Massachusetts Provincial Congress

Updated About encyclopedia.com content Print Article Share Article
views updated

Massachusetts Provincial Congress

MASSACHUSETTS PROVINCIAL CONGRESS. 1774. The Massachusetts Government Act of 20 May 1774 virtually annulled the Massachusetts Charter of 1692. It stripped the General Assembly (the lower house of the General Court) of its charter right to elect the Council (the upper house) and prescribed that, effective 1 August, members of the Council would be appointed by the king and hold office at his pleasure. In accordance with the king's orders, Major General Thomas Gage (the royal governor of Massachusetts as well as the British commander in chief in North America) moved the seat of the Massachusetts government to Salem, where on 17 June the Assembly met under protest against its removal from Boston. After locking the door to prevent Gage's order to dissolve the legislature from taking effect, the Assembly proposed that a congress of delegates from all the continental North American colonies be held at Philadelphia in early September 1774 to concert a collective response to these violations of self-government. The Assembly promptly elected five delegates to represent Massachusetts.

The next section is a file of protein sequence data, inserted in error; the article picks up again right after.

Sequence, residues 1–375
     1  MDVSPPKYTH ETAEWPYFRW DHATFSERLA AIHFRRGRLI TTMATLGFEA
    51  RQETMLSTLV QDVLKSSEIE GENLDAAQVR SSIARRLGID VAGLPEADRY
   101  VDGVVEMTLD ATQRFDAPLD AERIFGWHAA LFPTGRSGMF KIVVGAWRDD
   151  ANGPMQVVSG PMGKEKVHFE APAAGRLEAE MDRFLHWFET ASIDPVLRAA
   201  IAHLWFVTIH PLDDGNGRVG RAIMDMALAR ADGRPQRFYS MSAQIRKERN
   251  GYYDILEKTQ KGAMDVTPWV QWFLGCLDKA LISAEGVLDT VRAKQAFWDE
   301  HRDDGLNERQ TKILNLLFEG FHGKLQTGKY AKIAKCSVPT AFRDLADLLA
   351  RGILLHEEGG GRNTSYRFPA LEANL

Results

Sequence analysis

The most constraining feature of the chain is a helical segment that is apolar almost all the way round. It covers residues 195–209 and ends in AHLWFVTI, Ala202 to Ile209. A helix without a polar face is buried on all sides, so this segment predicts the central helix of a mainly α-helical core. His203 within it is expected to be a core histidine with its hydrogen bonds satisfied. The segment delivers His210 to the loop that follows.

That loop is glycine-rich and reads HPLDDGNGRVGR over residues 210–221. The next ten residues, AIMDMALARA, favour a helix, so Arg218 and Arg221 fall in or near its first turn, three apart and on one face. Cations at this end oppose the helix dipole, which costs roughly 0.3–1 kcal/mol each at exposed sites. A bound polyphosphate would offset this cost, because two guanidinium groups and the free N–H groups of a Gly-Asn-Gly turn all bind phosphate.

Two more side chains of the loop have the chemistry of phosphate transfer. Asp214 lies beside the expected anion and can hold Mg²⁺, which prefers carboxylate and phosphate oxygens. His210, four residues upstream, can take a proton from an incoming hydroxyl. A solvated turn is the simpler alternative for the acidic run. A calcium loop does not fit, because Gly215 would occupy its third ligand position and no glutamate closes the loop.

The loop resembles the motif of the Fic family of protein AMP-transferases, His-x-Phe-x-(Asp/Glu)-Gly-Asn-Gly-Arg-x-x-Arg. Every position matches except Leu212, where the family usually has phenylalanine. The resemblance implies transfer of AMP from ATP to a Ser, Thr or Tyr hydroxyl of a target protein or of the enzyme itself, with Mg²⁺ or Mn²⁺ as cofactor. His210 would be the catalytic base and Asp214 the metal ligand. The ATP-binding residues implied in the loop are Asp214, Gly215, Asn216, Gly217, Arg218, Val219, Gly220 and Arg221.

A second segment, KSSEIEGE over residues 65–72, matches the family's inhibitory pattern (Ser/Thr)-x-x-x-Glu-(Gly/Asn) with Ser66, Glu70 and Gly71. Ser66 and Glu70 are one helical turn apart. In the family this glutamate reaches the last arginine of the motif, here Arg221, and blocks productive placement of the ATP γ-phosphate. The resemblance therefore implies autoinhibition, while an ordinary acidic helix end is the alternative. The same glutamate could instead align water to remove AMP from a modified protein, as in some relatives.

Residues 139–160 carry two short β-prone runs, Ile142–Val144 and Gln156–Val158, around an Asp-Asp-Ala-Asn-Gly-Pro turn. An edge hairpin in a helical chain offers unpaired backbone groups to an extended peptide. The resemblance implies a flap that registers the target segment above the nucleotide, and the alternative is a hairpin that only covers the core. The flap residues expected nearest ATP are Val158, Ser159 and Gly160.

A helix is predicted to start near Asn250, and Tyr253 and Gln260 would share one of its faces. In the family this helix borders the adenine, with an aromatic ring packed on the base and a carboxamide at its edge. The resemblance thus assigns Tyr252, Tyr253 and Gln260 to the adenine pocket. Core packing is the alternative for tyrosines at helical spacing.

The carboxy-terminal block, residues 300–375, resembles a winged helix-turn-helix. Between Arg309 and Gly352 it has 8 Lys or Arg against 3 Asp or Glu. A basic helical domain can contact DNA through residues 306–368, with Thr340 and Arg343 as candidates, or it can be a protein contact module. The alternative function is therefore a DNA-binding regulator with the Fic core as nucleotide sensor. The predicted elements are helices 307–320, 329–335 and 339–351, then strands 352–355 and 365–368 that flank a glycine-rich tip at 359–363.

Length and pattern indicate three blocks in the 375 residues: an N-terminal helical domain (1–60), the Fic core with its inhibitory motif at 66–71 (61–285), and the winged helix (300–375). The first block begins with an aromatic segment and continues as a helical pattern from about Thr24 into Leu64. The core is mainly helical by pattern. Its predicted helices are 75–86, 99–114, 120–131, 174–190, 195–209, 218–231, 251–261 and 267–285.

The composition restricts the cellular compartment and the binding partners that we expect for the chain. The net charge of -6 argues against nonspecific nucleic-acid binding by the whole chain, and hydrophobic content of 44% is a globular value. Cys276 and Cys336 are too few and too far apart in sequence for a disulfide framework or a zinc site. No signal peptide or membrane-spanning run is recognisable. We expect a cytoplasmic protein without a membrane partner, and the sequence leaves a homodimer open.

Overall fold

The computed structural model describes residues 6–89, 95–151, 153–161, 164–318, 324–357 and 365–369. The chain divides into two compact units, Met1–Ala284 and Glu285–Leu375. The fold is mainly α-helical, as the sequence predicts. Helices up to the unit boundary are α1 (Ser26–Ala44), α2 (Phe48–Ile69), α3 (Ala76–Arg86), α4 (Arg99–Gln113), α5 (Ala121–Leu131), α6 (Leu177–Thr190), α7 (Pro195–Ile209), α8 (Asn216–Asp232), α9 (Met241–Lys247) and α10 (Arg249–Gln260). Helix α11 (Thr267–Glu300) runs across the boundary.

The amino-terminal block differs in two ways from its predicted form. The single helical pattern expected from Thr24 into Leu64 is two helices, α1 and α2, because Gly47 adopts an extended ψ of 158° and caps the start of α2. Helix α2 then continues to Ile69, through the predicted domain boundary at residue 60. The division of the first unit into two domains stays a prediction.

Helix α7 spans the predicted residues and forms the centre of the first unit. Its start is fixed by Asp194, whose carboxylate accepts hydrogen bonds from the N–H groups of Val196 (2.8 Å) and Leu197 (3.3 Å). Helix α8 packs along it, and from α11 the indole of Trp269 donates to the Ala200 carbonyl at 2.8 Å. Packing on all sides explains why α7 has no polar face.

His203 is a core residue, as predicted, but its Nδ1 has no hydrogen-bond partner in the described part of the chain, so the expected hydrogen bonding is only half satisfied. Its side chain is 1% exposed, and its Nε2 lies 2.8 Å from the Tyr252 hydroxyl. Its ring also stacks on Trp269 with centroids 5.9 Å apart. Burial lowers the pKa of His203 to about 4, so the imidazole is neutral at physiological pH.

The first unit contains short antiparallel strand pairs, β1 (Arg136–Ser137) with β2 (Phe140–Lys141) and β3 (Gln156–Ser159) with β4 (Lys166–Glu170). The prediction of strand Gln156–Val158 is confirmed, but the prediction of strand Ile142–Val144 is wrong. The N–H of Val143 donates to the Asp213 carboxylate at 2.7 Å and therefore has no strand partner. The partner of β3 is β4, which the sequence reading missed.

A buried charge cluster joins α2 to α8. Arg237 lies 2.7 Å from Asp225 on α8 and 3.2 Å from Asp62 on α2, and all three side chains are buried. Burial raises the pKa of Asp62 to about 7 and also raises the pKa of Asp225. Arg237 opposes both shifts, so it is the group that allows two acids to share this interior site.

A few weeks later Gage appointed thirty-six members to the Governor's Council, the so-called mandamus councillors because they were appointed by a writ of mandamus. Eleven immediately declined to serve, and the others came under such public pressure that they were forced to take refuge in Boston. On 1 September, the same day he sent 250 soldiers to seize government gunpowder from the Cambridge powder house, Gage called for the Council and General Assembly to meet together in a General Court at Salem on 5 October. Dismayed by the enormous turnout of armed citizens who responded to his seizure of the powder, and unable in the subsequent days to find a means to quiet the province, Gage on 28 September withdrew the summons because he realized that his fugitive councillors would not be permitted to attend. Opponents of the Government Act chose to assume that Gage had no right to cancel his call for the Assembly to meet, so a majority of towns around the colony elected delegates to that body, who were seated at Salem on the announced date, 5 October. Gage made it a point not to appear, and after two days the delegates adjourned to Concord, where on 11 October they organized themselves into a provincial congress and elected John Hancock as president of this extralegal body. The Provincial Congress thereafter operated as the government of all Massachusetts outside British-controlled Boston.

SEE ALSO Gage, Thomas; Mandamus Councillors.

BIBLIOGRAPHY

Alden, John R. General Gage in America: Being Principally a History of His Role in the American Revolution. Baton Rouge: Louisiana State University Press, 1948.

Wroth, L. Kinvin, et al., eds. Province in Rebellion: A Documentary History of the Founding of the Commonwealth of Massachusetts, 1774–1775. Cambridge, Mass.: Harvard University Press, 1975.

                              revised by Harold E. Selesky